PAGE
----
I cannot recall any case that parallels the dramatic and poignant discovery of Cecil Coles (1888-1918), the Scottish composer who vanished without a trace from the musical world despite his friendship with Gustav Holst and the critical acclaim that followed performances of his music prior to the Great War. Like George Butterworth, Frederic Kelly, Ernest Farrar and Denis Browne, Coles died in the Great War but unlike them he had no committed champions to keep his name alive and his music before the public. Now, 84 years after his death, his star is rising thanks to the combined efforts of his daughter, Penny Catherine Coles, who never knew her father, conductor Martyn Brabbins and Ted Perry at Hyperion Records.
Brabbins, who completed the orchestration of one of the two surviving movements of the title composition Behind the Lines, believes that Coles "was clearly a huge talent cut down in its prime". Brabbins, the BBC SSO and soloists Sarah Fox and Paul Whelan serve Coles very well in this revealing premiere recording.
While it might be easy to compare him with the composers whose influences are apparent in his music - Elgar, Wagner, Mahler, Brahms and others - I find such comparisons a bit unfair. Coles was a young man when he died, only 29. The amount of music he left is small and much of it is the work of a developing composer who did not have the time he needed to find a voice that was fully his own. This in no way diminishes his achievement which is quite remarkable given that some of the music on this CD dates from his teens. Consider the music that Elgar, Vaughan Williams, Holst composed at the ages of 17, 21, 23, 26 and 29, measure their musical growth, look at the influences and opportunities that helped them shape their work and find their own voices. What would the legacy of each be if he had died at 29?
Coles was a passionate man with a gift for dramatic expression and scene painting, a musical explorer who embarked on an adventure each time he put notes on paper. He absorbed sensations and ideas and observed and captured beauty with the confidence, daring and purpose of a gifted and determined young man poised to soar. He was essentially a poet, dramatist and painter working in the medium of music. His profound poetic sensibility drove his major gift for writing vocal works. He used an orchestral palette of wide range, depth and nuance to paint evocative scenes and portray human drama.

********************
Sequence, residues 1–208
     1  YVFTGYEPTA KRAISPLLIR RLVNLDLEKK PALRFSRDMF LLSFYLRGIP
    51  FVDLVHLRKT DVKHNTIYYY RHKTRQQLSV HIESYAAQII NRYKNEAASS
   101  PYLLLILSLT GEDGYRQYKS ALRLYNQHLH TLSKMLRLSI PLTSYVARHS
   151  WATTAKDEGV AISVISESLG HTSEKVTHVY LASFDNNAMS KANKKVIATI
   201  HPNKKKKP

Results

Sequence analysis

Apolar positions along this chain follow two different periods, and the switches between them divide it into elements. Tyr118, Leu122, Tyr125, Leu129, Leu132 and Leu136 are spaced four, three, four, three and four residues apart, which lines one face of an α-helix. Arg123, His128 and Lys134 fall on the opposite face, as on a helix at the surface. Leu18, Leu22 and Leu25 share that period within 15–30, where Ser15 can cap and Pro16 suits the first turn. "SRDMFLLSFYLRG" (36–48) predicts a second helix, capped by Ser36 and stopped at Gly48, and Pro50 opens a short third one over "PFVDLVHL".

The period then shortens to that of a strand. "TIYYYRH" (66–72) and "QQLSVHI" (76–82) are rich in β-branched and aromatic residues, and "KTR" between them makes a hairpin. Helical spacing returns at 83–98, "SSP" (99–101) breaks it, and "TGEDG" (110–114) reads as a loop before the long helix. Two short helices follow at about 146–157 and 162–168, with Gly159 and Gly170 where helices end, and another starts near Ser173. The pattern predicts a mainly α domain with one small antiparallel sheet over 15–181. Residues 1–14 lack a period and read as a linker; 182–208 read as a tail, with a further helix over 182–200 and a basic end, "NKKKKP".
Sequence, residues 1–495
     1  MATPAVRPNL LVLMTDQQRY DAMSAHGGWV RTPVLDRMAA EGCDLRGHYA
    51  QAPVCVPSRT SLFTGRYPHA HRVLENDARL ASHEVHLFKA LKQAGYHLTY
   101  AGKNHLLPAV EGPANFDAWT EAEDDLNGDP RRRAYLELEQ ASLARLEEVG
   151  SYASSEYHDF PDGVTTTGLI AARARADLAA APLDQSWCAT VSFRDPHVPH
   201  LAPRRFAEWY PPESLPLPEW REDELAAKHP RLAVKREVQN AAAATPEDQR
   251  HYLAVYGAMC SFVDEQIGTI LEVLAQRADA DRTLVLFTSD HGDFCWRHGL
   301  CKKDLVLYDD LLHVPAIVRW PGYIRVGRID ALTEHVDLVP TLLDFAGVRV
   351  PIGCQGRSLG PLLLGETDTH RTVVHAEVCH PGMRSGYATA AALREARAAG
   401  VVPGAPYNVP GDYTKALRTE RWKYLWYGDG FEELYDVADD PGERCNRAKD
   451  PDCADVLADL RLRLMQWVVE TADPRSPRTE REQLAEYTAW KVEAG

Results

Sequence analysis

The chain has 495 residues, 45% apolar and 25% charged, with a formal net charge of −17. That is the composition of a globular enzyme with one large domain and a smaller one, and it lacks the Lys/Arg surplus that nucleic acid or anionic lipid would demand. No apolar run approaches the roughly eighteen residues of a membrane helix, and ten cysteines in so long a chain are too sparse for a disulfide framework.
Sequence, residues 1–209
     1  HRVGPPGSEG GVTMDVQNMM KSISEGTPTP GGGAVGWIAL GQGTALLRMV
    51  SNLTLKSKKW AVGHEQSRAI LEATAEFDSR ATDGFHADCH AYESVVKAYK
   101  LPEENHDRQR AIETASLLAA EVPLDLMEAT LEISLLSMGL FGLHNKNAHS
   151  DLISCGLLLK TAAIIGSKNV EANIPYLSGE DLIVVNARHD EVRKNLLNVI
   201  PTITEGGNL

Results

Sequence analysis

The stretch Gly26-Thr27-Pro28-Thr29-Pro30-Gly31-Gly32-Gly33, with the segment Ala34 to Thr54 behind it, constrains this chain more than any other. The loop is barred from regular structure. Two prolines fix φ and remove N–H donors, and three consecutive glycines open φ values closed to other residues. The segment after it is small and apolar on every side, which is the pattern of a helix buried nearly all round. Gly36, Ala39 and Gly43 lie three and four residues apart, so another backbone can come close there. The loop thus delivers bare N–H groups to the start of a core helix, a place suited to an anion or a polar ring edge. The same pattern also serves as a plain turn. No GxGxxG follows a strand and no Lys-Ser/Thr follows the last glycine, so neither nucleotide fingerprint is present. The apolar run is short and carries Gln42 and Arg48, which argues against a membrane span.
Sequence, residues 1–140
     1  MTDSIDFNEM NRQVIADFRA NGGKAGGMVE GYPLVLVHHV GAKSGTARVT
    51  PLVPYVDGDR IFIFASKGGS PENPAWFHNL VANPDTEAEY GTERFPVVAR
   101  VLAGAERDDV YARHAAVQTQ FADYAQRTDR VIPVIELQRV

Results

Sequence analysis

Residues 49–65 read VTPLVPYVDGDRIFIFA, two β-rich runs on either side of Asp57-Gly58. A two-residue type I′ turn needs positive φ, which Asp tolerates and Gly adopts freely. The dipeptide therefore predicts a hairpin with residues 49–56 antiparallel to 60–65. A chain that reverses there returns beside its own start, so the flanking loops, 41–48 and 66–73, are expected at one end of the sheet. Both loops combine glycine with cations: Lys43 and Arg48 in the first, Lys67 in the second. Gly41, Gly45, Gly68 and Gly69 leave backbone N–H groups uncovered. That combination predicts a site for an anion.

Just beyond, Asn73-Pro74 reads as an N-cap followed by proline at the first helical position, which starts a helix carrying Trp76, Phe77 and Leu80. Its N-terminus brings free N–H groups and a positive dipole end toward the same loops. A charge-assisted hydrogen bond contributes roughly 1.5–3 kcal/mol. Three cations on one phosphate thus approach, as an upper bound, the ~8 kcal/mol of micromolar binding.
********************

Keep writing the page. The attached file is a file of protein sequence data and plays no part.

In early works like the three-movement From the Scottish Highlands, a work he began at 17, Coles, the observer, renders an impression of landscape, love and something darker, more elusive and mysterious in the beautiful but lonely Highlands.
In the Four Verlaine Songs we have the first hint of an opera composer in the making. He sets scenes, contrasts moods and casts words to powerful effect with the orchestra surging and swelling as a sumptuous equal partner to create four brief episodes of a mini-drama.
The Scherzo and Overture: The Comedy of Errors are also early works dating from Coles' twenty-first and twenty-third years. The overture containsa "broad spectrum of emotions" which Coles expresses with confidence, warmth, vigour, playfulness and, at times, majesty. TheScherzo, possibly conceived as a movement for a symphony, stands on its own as a work that sustains its momentum and remains dynamic from beginning to end.
Fra Giacomo, a monologue or scena, for baritone and orchestra, is an intense and masterful work bathed in a chiaroscuro of sound and mood that is both tender and chilling. It is a dark psychological tale of infidelity, jealousy, murder and revenge, which the 25-year-old Coles handles with insight and sensitivity. Coles was in full control of his orchestral palette and he used it to dramatic effect. There are many beautiful, moving and tense moments in Fra Giacomo as Coles musically juxtaposes the character's thoughts and actions to achieve exactly the right effect and emotional response.
Behind the Lines, the title work, concludes this superb introduction to Coles. It is half of the full work that Coles composed and scored while he was "In the Field" of war. He carried the manuscript with him everywhere and as a result lost the two inner movements in the shelling. On the surviving mud and blood stained title page, he lists all four movements: "Estaminet du Carrefour", "The Wayside Shrine", "Rumours" and "Cortège". What makes this work remarkable is the fact the "Estaminet du Carrefour" and "Cortege" are the musical equivalent of today's live coverage of an event. Coles did not live long enough to complete Behind the Lines. He died on 26 April 1918 of wounds received when he volunteered to bring in casualties from a wood.
A genius? Yes, I think so. A great loss to music? Absolutely.